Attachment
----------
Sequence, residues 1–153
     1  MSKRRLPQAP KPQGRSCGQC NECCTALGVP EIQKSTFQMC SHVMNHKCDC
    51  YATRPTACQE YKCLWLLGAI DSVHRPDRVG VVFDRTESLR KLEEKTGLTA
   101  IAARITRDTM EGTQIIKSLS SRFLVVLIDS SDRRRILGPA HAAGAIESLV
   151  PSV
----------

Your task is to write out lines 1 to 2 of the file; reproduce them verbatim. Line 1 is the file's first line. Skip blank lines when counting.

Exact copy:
Sequence, residues 1–153
     1  MSKRRLPQAP KPQGRSCGQC NECCTALGVP EIQKSTFQMC SHVMNHKCDC